Coaching Flagged Incidents


Learn how to effectively coach flagged incidents, using Voxel's video-based safety tool to promote a culture of shared responsibility, timely responses, and positive reinforcement, thereby transforming the perception of safety from a punitive to a valued and shared goal.

When you see a risky behavior or near-miss incident in the video you need to act quickly while the memory is still fresh in everyone’s minds. Industrial environments are chaotic and a lot can happen in a single shift – if you wait too many days, your associates may forget what happened, and it will be harder to get them to change their behavior. Voxel’s Highlighted events gives you a short list of high-priority, “coachable” incidents you can take back to your team each day.

When communicating with your team about Voxel, always remind them that it is a tool for training and coaching. The last thing you want to do is fire somebody on your team; it’s hard to find reliable people to come into work. The goal of video-based safety is to train your team to perform their best and go home healthy each day. A useful analogy is a football team reviewing film after a game. Remind your team that pro athletes review game film everyday. It’s mandatory for preparation to review your mistakes and successes and find places to improve for the next game.

If you see an incident pop up in Voxel flagging dangerous behavior by one of your workers, it's best not to single out your employee (if you can avoid it). Instead, it’s better to address the whole team – even if one person made the mistake, keeping your work environment safe is a shared responsibility. Building strong safety norms is only possible if everybody in the workplace is on the same page. In a proactive safety culture, your team members will remind each other about best practices and hold each other accountable. 

Develop a safety routine to maximize positive rewards for good safety practices, and minimize punishments for bad safety behaviors. Spend more time encouraging good behavior than you do punishing bad behavior. When safety is mostly discussed in a punitive context, then your associates will only ever think about safety in a negative way. When your job and your livelihood is on the line every time the topic of safety comes up, you won’t want to talk about it!

Always make a note of the good things that are happening in your work environment. Whether you see good behaviors while walking around your worksite, or you observe positive behaviors that were picked up on video – keep track and give kudos. Give your workers feedback on a combination of in-person and video observations: Voxel is not a substitute for doing due diligence and observing your site with your own eyes.

Voxel records hundreds of events per day. Although it is designed to flag ‘bad’ behaviors, you will inevitably see positive behaviors on video each day. When coaching your team to address a negative behavior caught on video, make an effort to identify positive behavior caught on video during the same shift. This will help to socialize your team to understand that videos are not being used to punish, they’re being used to teach the difference between good and bad safety practices.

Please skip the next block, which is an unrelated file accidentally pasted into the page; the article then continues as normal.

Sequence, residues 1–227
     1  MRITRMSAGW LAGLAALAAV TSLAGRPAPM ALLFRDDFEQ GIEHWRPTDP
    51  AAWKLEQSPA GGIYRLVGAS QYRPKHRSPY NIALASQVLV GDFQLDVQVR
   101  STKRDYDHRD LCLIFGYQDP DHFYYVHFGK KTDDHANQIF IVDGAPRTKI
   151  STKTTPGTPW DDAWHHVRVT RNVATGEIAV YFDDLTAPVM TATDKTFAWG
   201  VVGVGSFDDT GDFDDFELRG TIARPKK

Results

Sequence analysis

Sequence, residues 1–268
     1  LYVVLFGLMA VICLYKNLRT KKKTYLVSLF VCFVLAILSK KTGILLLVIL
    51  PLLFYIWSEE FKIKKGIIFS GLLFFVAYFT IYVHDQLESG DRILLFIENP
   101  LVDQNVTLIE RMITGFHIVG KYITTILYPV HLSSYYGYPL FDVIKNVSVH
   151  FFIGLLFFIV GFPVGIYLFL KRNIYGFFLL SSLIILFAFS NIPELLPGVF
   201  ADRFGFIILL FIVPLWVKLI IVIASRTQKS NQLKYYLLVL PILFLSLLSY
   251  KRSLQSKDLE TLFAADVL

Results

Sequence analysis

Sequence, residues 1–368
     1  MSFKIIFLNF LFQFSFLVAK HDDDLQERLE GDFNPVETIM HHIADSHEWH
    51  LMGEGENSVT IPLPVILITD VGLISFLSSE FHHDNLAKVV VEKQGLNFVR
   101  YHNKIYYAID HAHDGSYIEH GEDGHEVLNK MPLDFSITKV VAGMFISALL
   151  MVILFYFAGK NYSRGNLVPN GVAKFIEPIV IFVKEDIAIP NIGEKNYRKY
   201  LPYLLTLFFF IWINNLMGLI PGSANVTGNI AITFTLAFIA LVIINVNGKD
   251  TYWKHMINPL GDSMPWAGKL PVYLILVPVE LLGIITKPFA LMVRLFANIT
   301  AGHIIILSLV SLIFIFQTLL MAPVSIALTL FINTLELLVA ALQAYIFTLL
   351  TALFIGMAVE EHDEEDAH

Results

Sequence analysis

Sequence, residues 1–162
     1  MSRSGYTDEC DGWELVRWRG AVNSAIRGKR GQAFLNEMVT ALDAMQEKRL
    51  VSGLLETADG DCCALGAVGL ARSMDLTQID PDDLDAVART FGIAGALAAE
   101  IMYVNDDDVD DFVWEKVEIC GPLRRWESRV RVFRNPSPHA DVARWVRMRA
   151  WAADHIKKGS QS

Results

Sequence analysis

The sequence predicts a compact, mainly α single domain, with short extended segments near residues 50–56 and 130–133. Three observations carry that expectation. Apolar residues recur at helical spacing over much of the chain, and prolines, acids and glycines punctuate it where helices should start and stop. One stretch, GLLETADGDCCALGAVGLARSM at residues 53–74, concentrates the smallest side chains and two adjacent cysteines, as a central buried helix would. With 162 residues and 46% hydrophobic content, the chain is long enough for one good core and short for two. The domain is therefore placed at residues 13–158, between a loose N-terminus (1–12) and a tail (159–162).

Remind your team members that they are valued. Take every opportunity to tell them their work is appreciated, and their health is your priority. For example, if you see your associate lifting with a poor ergonomic posture, tell them: “I’m worried about your lifting technique. I want to save your back—you’ve only got one!”

Major 🔑s to Success:

  • Act quickly for maximum impact: Voxel’s algorithm will Highlight high-priority events each day, so you can act on “coachable” incidents while the memory is still fresh.
  • Emphasize the goal: remind your team their priority is to get better each day, like a pro athlete reviewing film after a game. Video-based safety is about sending everybody home healthy at the end of the day.

  • Target the group: address your training sessions to the team instead of singling out a ‘bad actor.’ The key to a positive safety culture is a building sense of shared responsibility for safety. When everyone is on the same page, they’ll hold each other accountable.
  • Prioritize positive rewards: spend more time on rewarding good behavior than you do on punishing bad behavior. If your associates feel like they’re risking their job and their ability to put food on the table whenever they talk about ‘safety,’ they won’t talk about it at all!
  • Don’t neglect physical observations: video-based safety training is not a substitute for a real site-walk. Make sure you give workers feedback on a combination of in-person and video observations.
  • Look for good behavior on film: whenever you identify a ‘bad’ behavior on film, try to call out a ‘good’ behavior captured in an incident video. This will help your team develop a positive association with video-based safety, instead of a punitive one.
  • Tell your team they are valued: everybody deserves to know they are appreciated!